Wants are all the "nice to haves" that you spend money on. These are items you definitely don't need, but perhaps they give you pleasure. And that's ok! The aim is to keep a detailed budgeting plan, so your spending habits don't get out of control!

The list of Wants is endless and differs from person to person depending on your lifestyle.

For example, your personal list might include going out to the movies, eating in restaurants, buying new electronic gadgets, new handbags, or tickets to a big game. Another person's wants might include cable TV or Netflix subscription, going to concerts, and paying for gym memberships.

Remember: there are many good substitutes for Wants that cost little to nothing. For example, you might want to buy the latest iPhone but can't afford it.

Instead, buy an earlier version, and you'll still get the same benefits. Alternatively, fitness fanatics who can't justify the cost of signing up to the gym could work out at home instead.

There is almost always a cheaper alternative available when you're looking to purchase an item. But feel free to balance your Wants vs. Needs, so you still enjoy some of these activities from time to time.

Wants may sometimes include premium experiences that are beyond reach financially. For example, someone may want a new BMW when they can easily have a Toyota that would cost much less.

Exercise wisdom with your wants, as it can be easy to justify spending if you really want something. The Wants category is often the trickiest to master.

Category 3: 20% Savings

Arguably the most important category in the 50-30-20 budget is the Savings category as this can determine your future. Savings in this case refers to both savings and investments.

Savings can take many forms ranging from your emergency fund to your savings account. They can also include any money market investments you have.

Investments refer to any money you have set aside to generate income. This can include investing in the stock market, purchasing real estate, or setting up your retirement accounts.

Your top priority in this category should be your emergency fund. It is important to have three to six month's worth of living expenses saved in your emergency fund.

Beyond that, focus on your retirement savings. These can include putting money into your company-sponsored 401(K) plan or an IRA. You might look into working with an advisor to set this up.

A quick note on paying down debt

Do you have credit card debt, a personal loan balance, or perhaps student loans to pay back? Debt payments fall across both your Needs and your Savings categories.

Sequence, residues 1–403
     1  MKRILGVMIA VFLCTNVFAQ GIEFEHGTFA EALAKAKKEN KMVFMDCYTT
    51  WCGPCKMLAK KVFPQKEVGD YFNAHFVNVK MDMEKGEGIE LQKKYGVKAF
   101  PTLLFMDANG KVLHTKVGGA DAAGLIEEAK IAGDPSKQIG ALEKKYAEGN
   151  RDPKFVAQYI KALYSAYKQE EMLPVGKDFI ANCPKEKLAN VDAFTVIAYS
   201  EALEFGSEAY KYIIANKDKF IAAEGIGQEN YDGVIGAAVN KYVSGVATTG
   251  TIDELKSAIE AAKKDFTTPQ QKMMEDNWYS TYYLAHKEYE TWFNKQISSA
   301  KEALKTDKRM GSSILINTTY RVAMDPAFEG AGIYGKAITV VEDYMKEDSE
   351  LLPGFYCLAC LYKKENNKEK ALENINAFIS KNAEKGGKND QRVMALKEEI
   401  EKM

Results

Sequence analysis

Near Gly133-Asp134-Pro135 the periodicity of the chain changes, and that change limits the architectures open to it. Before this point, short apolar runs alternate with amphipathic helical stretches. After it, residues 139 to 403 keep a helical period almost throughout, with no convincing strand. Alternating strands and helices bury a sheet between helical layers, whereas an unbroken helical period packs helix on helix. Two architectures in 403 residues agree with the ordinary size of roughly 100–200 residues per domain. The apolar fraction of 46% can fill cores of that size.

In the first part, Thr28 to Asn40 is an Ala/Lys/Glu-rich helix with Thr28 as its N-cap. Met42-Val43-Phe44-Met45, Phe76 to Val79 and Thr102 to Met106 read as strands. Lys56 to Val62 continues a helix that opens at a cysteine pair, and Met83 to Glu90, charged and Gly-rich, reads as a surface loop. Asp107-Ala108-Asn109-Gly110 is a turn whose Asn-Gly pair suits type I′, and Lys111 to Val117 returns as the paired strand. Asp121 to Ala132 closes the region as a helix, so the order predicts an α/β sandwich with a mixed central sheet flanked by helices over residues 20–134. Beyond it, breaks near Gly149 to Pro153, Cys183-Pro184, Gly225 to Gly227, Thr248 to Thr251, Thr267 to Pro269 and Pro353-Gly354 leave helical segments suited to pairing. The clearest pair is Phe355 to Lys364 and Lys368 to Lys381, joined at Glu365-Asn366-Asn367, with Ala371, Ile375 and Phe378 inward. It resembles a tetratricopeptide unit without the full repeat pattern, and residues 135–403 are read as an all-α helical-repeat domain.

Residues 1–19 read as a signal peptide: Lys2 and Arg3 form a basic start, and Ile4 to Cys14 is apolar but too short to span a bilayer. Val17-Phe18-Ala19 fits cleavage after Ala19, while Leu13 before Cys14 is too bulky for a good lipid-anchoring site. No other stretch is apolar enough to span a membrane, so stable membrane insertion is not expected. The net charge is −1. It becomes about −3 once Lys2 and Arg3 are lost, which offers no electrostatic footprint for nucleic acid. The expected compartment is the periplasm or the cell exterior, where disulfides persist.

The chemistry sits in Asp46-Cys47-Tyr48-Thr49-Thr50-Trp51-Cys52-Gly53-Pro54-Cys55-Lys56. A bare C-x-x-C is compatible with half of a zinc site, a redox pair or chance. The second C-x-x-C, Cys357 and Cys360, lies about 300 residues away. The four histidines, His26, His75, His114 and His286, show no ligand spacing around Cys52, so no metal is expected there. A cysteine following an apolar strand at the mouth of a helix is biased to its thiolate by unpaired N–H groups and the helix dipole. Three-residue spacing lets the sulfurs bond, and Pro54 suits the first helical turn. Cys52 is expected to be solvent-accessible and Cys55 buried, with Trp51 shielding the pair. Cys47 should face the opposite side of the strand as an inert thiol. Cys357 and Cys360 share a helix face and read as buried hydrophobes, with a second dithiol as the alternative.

Why? The minimum payment you owe on your outstanding debt is a Need in that you must pay it back and on time each month.

But only paying back the minimum amount is a slow and expensive way to tackle your debt. Instead, we recommend contributing to your Savings category, so you save money to pay off your debt faster.

This will go towards the principal and interest, effectively saving you money in paying future interest payments down the road.

50-30-20 budget calculators to check out

Figuring out your 50-30-20 budget doesn't have to be difficult. In fact, it can be as easy as using a simple calculator. Here are some examples of 50-30-20 budget calculators.

Banzai calculator

This Banzai calculator was developed together with Shinhan Bank. You have to enter your post-tax income, and it does the rest for you! You'll easily see how much to allocate to each of the 3 categories.

Mint calculator

The Intuit Mintlife calculator is similar. Simply enter your monthly after-tax income, and the calculator will immediately display how much you have for Needs (labeled Essentials), Wants, and Savings.

DIY spreadsheet

Another option is to set up your own 50-30-20 budget spreadsheet. If you're great with Excel or Google Sheets, you'll enter your post-tax income into a single cell and set up calculations to convert this into corresponding 50%, 30%, and 20% categories.

Leverage the 50-30-20 budget today!

Budgeting doesn't have to be difficult, and the 50-30-20 budget is a great way to achieve your budget goals quickly and easily.

Remember to use your post-tax income as your base and make further calculations from there. Now that you have all the steps in place, go ahead and get started today!

P.S. Here are other budgeting methods to explore. The 80-20 budget, the 60-20-20 budget, the 70-20-10 budget, and the 30-30-30-10 budget!